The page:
Thanks to News Videographer for todays lead on leads at Mastering Multimedia who had an outstanding post with lots of examples on how to create a great VISUAL lead. That is one of the most important things to try to teach young visual journalists. A lead must be visually interesting or you’ve already lost.
Quick list of key points on how to make you’re lead visually interesting:
-start with b/roll
-start with natural sound
-start in the middle or the end of your story and then loop around
-start with your most visually interesting element, usually b/roll, but it could be part of an event
-explain the story in the first 30 seconds
-or keep them guessing by being creative
-vary your pacing, sometimes you need to be quicker, other times slower
Finally, for you teachers out there – it is appropriate to use video clips in the classroom as part of “fair use” but remember to follow the guidelines of not using the same ones more than one year in a row and only using them for classroom learning. Remember this is fair use, not theft – it is not yours to keep.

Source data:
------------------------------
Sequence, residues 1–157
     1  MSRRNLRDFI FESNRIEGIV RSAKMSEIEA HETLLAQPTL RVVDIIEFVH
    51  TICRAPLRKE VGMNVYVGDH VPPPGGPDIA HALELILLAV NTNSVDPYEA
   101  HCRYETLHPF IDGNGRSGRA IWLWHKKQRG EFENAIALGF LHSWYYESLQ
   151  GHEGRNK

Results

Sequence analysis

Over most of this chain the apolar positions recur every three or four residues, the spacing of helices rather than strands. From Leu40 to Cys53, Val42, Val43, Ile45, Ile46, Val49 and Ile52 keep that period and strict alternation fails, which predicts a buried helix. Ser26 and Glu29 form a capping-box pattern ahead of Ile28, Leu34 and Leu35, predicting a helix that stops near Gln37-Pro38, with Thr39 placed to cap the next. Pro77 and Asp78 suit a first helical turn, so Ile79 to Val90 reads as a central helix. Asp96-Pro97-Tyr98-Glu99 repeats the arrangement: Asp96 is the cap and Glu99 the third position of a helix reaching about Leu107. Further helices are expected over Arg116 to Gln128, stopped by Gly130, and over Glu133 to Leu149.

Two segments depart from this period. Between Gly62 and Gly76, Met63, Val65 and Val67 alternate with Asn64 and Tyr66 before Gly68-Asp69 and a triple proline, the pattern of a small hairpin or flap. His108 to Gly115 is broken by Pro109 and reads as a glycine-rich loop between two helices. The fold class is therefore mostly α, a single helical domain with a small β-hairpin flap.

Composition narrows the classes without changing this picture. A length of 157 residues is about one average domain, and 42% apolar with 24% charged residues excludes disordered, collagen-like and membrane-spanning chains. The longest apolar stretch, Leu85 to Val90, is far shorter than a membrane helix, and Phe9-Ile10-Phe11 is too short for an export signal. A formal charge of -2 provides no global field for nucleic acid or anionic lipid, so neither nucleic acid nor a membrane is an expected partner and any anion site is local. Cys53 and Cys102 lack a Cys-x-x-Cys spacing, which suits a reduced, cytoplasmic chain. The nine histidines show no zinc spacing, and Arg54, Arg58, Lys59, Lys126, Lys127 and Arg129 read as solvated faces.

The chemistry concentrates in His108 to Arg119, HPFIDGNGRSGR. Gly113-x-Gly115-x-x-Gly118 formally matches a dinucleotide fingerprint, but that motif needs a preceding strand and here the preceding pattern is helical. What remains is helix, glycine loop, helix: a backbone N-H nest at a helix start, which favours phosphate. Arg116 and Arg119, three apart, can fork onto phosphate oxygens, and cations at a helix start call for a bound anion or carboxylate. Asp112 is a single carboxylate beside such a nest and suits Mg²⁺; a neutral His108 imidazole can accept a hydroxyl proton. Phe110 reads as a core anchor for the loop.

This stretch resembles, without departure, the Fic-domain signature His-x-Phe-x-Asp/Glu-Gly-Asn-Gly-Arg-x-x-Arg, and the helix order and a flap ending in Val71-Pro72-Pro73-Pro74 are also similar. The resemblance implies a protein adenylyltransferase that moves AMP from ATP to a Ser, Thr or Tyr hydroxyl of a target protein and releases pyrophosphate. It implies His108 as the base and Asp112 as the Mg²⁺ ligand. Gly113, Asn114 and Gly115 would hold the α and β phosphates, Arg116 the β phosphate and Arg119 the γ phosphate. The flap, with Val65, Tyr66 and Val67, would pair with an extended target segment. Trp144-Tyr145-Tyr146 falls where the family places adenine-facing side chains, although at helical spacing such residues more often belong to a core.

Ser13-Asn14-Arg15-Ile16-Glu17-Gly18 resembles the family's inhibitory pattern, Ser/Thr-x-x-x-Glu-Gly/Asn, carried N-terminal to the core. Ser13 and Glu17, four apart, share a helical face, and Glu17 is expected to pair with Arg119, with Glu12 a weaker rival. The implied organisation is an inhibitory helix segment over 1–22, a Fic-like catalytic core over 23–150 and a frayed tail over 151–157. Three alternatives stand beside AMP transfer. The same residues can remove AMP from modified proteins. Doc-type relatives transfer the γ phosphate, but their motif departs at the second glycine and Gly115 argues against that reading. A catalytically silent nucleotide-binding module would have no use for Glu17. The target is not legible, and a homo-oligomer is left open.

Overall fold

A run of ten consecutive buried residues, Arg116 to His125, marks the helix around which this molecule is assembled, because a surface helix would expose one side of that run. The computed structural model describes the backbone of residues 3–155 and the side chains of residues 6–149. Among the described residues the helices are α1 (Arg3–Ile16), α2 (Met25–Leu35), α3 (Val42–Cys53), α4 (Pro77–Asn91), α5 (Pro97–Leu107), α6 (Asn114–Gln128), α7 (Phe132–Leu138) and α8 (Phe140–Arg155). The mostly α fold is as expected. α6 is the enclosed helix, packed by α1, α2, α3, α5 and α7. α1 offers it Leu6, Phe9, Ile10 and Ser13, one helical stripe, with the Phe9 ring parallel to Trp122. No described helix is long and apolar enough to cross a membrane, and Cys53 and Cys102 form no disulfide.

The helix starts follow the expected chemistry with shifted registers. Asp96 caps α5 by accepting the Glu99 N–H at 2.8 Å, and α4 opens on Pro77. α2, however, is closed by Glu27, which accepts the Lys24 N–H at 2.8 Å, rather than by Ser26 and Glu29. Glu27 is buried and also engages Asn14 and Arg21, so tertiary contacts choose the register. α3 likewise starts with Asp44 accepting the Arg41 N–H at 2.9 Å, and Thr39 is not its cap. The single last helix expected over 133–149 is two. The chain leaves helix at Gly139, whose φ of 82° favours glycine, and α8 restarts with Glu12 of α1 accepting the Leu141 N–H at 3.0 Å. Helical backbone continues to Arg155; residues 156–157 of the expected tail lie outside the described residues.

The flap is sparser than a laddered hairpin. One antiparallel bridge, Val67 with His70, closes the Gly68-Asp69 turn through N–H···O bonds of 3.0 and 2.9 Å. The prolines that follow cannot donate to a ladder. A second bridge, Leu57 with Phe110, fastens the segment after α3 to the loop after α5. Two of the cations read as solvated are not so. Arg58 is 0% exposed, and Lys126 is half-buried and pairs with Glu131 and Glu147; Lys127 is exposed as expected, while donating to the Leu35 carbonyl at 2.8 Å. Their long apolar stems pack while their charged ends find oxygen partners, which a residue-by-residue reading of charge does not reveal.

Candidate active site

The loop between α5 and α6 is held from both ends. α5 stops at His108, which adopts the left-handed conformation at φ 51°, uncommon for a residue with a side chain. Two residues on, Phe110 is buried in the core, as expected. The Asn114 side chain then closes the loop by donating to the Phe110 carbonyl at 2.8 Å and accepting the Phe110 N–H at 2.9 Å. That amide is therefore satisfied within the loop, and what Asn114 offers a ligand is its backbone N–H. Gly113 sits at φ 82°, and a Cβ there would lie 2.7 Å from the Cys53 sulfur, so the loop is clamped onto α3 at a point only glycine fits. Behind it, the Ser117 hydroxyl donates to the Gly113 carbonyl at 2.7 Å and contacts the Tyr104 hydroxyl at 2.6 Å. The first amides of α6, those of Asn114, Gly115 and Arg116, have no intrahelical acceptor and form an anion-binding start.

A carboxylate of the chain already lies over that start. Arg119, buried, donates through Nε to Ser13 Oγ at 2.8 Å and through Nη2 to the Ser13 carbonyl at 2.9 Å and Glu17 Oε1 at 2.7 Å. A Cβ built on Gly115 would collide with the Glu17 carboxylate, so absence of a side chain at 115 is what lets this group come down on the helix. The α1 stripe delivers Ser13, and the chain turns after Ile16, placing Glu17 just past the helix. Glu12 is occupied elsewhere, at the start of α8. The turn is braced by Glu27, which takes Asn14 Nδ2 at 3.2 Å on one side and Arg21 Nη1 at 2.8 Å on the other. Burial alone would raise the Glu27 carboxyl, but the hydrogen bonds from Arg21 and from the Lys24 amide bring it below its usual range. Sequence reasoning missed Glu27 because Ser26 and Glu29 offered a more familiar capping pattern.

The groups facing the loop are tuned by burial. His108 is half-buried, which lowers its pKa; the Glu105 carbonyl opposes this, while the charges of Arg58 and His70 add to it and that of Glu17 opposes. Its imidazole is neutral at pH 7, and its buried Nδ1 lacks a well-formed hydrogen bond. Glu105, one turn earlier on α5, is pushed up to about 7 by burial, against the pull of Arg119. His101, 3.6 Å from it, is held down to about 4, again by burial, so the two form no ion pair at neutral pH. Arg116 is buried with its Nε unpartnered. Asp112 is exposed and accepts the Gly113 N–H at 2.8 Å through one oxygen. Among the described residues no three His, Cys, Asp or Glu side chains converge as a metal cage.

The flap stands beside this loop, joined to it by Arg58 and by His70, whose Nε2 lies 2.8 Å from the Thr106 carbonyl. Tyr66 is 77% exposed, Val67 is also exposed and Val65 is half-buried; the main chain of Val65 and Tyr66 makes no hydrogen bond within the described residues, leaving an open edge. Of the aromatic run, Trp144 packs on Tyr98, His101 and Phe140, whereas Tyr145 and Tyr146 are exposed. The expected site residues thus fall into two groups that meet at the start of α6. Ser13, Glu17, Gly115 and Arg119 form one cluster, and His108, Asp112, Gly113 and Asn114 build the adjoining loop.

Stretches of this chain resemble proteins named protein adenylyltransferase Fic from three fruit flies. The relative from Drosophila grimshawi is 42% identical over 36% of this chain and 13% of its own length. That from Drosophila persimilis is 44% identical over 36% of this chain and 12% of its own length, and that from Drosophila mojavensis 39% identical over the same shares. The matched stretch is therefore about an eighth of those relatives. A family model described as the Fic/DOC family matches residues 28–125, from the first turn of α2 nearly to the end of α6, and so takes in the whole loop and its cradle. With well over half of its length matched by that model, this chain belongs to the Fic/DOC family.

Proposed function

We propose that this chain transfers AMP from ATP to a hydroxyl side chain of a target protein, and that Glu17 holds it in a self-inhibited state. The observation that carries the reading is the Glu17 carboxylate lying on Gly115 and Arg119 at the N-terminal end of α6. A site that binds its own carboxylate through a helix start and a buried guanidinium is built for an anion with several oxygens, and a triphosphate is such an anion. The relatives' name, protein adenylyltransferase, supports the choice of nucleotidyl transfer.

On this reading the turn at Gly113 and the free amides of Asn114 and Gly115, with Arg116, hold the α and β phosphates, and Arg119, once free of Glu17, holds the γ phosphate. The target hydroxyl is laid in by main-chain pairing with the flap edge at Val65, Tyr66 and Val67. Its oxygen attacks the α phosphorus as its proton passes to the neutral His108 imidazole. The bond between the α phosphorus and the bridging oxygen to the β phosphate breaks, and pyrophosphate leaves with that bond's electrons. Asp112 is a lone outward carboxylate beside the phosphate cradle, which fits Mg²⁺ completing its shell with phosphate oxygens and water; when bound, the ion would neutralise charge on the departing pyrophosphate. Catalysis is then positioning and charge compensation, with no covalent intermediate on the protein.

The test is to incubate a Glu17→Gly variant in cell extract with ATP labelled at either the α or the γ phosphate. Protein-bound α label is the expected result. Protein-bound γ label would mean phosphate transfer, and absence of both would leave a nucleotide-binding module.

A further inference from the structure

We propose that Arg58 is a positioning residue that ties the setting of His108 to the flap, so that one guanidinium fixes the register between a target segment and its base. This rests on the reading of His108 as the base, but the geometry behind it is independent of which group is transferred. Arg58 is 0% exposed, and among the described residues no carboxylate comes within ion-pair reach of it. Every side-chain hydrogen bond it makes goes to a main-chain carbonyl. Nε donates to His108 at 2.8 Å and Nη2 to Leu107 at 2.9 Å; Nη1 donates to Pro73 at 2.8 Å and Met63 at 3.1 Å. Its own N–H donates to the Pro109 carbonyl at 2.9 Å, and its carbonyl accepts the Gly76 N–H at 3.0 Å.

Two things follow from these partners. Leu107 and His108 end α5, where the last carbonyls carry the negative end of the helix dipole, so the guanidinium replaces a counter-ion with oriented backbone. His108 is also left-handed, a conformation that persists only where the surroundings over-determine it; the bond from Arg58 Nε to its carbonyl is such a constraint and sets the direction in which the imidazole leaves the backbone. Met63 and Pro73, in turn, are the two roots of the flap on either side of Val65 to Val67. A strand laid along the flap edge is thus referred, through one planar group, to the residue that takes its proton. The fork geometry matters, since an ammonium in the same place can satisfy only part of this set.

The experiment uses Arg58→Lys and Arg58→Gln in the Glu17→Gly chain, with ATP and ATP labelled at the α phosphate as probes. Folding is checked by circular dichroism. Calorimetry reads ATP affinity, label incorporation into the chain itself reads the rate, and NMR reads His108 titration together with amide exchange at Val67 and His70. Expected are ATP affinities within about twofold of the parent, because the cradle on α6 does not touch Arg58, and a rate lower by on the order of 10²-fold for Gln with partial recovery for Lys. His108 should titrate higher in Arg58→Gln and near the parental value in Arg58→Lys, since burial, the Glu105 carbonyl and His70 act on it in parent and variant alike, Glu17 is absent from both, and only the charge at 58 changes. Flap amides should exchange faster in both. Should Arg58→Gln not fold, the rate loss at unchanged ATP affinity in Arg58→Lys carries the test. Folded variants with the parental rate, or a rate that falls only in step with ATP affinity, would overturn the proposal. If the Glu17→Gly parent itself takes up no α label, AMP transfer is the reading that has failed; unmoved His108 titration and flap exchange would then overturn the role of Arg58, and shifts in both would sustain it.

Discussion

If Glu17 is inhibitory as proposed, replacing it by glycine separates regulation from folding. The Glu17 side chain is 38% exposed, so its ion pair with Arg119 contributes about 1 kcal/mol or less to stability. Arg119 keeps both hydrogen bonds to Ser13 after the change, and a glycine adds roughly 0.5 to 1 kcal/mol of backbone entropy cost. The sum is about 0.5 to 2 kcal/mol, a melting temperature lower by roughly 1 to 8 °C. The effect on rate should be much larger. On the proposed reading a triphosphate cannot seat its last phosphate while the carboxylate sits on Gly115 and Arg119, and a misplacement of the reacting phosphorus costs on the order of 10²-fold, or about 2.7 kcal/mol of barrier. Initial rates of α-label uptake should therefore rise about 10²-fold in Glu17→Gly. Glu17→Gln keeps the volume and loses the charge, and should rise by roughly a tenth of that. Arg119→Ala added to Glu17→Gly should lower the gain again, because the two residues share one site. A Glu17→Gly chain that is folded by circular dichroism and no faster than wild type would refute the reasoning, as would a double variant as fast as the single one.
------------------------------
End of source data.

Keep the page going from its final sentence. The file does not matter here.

So, how do you download the .flv clips? And why should you?
First if you have a Mac, use Safari (just for this – I’d rather use Firefox) load the page with the clip and then press play and then pause. Wait for the clip to load 100%. Then go to the Window menu and pull down to the Activity tab. Look for the .flv file ending. Double click on that file in the activity window. It should begin the download process.
Second, why? Three reasons – slow internet, no internet, blocked internet. At my school we have all three. Some days we have no internet due to a variety of problems. Other days the connection is just plain slow – which is death for video. And finally, there is the kiss of death, after you planned a great lesson on video leads – the site is blocked because it is a blog.
Always try to give credit in your lesson to your source. Model those things you’d like your students to do.
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